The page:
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Solar Eclipse Guide 2018: When, Where & How to See Them
A partial solar eclipse seen from space.
Credit: NASA/SDO

In 2018, skywatchers in a few select locations on Earth will have three opportunities to see a solar eclipse, a celestial event in which the moon briefly appears to take a bite out of the sun.

A solar eclipse occurs when the disk of the moon appears to cross in front of the disk of the sun. A total solar eclipse — like the one that took place on Aug. 21, 2017 — occurs when the disk of the moon blocks 100 percent of the solar disk. A partial eclipse occurs when the moon covers only part of the sun. 

Only partial eclipses will occur in 2018. The first solar eclipse of 2018 took place on Feb. 15 and was visible only from parts of Antarctica, the Atlantic Ocean and southern South America. The second partial eclipse of 2018 will take place on July 13 and will be visible primarily over the ocean between Australia and Antarctica. The third solar eclipse of the year will take place on Aug. 11 and will swing over the North Pole. It will be visible from northern Europe, northern Asia and parts of eastern Asia. [Solar Eclipses: An Observer's Guide (Infographic)]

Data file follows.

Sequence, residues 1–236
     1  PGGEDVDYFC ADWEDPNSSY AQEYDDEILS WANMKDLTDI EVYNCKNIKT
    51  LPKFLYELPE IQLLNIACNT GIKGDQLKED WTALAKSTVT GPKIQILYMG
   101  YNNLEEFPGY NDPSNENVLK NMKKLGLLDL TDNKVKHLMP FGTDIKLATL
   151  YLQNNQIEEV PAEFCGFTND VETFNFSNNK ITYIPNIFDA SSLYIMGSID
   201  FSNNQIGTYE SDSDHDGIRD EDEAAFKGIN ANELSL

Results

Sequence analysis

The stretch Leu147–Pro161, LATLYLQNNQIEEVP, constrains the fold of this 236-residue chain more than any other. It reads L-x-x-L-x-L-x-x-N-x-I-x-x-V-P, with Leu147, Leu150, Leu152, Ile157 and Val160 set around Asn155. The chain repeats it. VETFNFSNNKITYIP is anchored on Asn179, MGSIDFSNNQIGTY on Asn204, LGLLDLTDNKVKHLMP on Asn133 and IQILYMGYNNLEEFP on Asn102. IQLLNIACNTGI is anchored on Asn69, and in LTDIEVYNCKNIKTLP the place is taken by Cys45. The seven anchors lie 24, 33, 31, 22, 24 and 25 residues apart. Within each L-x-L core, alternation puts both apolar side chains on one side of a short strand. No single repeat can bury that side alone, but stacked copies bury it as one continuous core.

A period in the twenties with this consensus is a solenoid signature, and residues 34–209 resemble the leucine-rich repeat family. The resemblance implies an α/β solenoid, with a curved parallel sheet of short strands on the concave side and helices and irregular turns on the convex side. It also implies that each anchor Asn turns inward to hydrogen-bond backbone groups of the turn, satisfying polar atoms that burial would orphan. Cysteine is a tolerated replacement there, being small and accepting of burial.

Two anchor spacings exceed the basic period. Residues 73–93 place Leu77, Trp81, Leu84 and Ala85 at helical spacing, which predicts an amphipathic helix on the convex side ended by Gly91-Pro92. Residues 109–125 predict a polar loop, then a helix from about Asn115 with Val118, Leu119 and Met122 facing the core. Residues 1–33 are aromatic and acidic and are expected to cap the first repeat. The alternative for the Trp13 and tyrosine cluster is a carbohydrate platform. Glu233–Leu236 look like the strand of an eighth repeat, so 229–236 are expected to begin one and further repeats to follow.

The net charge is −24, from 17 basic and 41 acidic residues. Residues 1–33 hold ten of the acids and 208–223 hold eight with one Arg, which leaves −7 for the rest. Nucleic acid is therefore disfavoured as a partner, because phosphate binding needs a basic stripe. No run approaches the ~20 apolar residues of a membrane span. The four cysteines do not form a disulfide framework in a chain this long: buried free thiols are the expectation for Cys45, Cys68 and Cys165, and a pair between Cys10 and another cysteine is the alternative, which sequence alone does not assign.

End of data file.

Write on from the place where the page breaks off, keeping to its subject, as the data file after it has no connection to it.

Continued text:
You can see a complete list of the upcoming solar eclipses on NASA's website, which provides information about solar eclipses, including detailed maps of each eclipse path.

The partial solar eclipse of July 13, 2018, will take place almost entirely over open water. Because the eclipse will arrive during the Southern Hemisphere's winter, most of Antarctica will be experiencing "polar nights." During these periods, the sun does not rise for days, weeks or months at a time. But the partial solar eclipse will briefly pass over the illuminated edge of the continent that lies just south of Australia. Skywatchers on the very southern coasts of Australia and New Zealand might catch brief views of the eclipse.

This partial eclipse will begin at 9:48 p.m. EDT on July 13 (0148 GMT on July 12), reaching its maximum magnitude of 0.3367 at 11:01 p.m. EDT (0301 GMT). Eclipse magnitude is what fraction of the sun's diameter is covered by the moon.